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Is Kyle Kendrick Pumpkinizing?

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It seems almost obnoxious to criticize the Phillies’ starting rotation, which has vastly exceeded expectations in keeping the team’s playoff hopes afloat as the offense has gone limp over the last nine weeks. But as the standings ultimately don’t care whether you win (or lose) 2-1 or 11-10, and the team has such little margin for error as long as the bats aren’t producing, the team is beginning to face the question of what to do with second-year starter Kyle Kendrick.

Kendrick’s up-and-down year has followed the shocking success of his 2007 rookie campaign, when he turned what was supposed to be one emergency start into 10 wins, some Rookie of the Year votes, and a Game Two playoff start. Granting that it’s unreasonable to ask much more of Kendrick (or any #5 starter) than what he’s delivered in 2008—10 wins, a 5 ERA, and a quality start just less than half the time—the question is what to expect of him going forward, and whether the Phillies should consider alternatives as they head into the 2008 home stretch. 

In his last two starts, Kendrick has been thrashed: a combined 13 runs in 7 innings, on 15 hits and 8 walks. The first, against the much-improved Dodgers lineup, can be excused; the second, facing the anemic Padres on Saturday, really can’t be. Even before Kendrick melted down in the fourth inning, allowing five runs, he was tentative on the mound, pitching around .200-hitting Sean Kazmar to get to pitcher Chris Reineke in the second inning. Then in the fourth, Reineke’s single plated San Diego’s second run and Kendrick could not recover, allowing a single, walk, bases-clearing double and intentional walk before leaving the game.

Kendrick’s two fatal flaws in 2008 have been wildness and a painful inability to retire lefty hitters. Both bit him on Saturday, as he walked five and surrendered the last two big hits after Reineke’s—Jody Gerut’s single and the Brian Giles double—to left-handers. For the season, Kendrick has issued 49 walks in 134.2 IP, compared to 25 free passes in 121 innings last year; he’s had five starts in which he’s walked at least four hitters. In 2008, lefties are batting .326/.398/.527 against Kendrick, with 24 doubles, 10 home runs and 36 walks in 317 plate appearances; he has struck out just 22. By contrast, righties are hitting .269/.322/.391 against Kendrick, with 10 doubles, 7 homers, and 13 walks, and he has struck out 39.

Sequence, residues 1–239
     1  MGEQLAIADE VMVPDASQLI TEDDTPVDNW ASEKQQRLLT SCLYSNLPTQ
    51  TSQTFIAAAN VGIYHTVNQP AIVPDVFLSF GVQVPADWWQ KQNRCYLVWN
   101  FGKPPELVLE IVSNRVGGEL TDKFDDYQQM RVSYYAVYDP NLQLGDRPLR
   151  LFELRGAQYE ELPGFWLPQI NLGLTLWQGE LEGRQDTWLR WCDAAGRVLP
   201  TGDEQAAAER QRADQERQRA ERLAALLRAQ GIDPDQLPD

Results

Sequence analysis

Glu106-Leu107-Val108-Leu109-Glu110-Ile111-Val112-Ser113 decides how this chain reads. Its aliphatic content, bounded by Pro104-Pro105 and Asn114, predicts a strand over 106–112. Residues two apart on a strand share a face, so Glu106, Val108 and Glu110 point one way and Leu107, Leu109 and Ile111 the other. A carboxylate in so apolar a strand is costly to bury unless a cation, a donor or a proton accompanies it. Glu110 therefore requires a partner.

It’s fair to ask whether Kendrick has been unusually lucky in his brief big-league career. He isn’t a strikeout pitcher, with just 4.1 per 9 IP (up from 3.7 in 2007), and lefties hit him about as hard last season (.321/.372/.549), but it didn’t show up on the scoreboard; his Fielding-Independent Pitching score (FIP) was 4.90, more than a run higher than his nominal ERA of 3.87. This year, his FIP is 5.21, much closer to his official ERA of 5.01. A big part of the difference is double plays: the Phils turned a stunning 18 behind him in 2007, but just 7 this year in more innings.

Related to the double plays is Kendrick’s fortune, or skill, in pitching out of trouble: last year, opponents batted an unfathomably low .245/.288/.344 in all situations with runners on base, compared to .305/.348/.524 with bases empty. This season, he’s still better under pressure: .281/.353/.421 with men on, compared to .312/.369/.490 with the sacks empty. But as the league has seen him a couple times now and hitters are more prone to laying off his sinker, the results are starting to converge. He needs to make another adjustment; can the Phils afford to wait and see if he can do that?

Since his nightmare outing in San Diego, Kendrick has pointed to mechanics issuesas the cause for his struggles. I can’t speak to that, but given his big workload over the last two seasons and struggles with location that have been intermittent since spring training, it’s worth asking whether fatigue or injury might be involved. In addition to his 134 innings this year at age 23, Kendrick threw 202 innings between AA and the big leagues last season at age 22/23, up from 176 the year before and 118 as a 20 year-old in 2005. That’s a lot of mileage on a young arm, and with all the runners he allows, most of those innings were at least somewhat stressful.

Going forward, I wonder if Kendrick’s splits and groundball tendencies might not better suit him for a situational relief role if he can’t come up with another pitch to retire left-handers. For now, the Phillies might have to think about alternatives—and they have three viable options at triple-A Lehigh Valley, where rehabbing vet Kris Benson, strikeout-inducing lefty J.A. Happ, and top prospect Carlos Carrasco all have shown some value. Given Kendrick’s good work since June 2007, this seems ungracious at least—but letting the young pitcher continue to flail in tough upcoming series against the Dodgers, Mets and Cubs won’t do anyone much good either.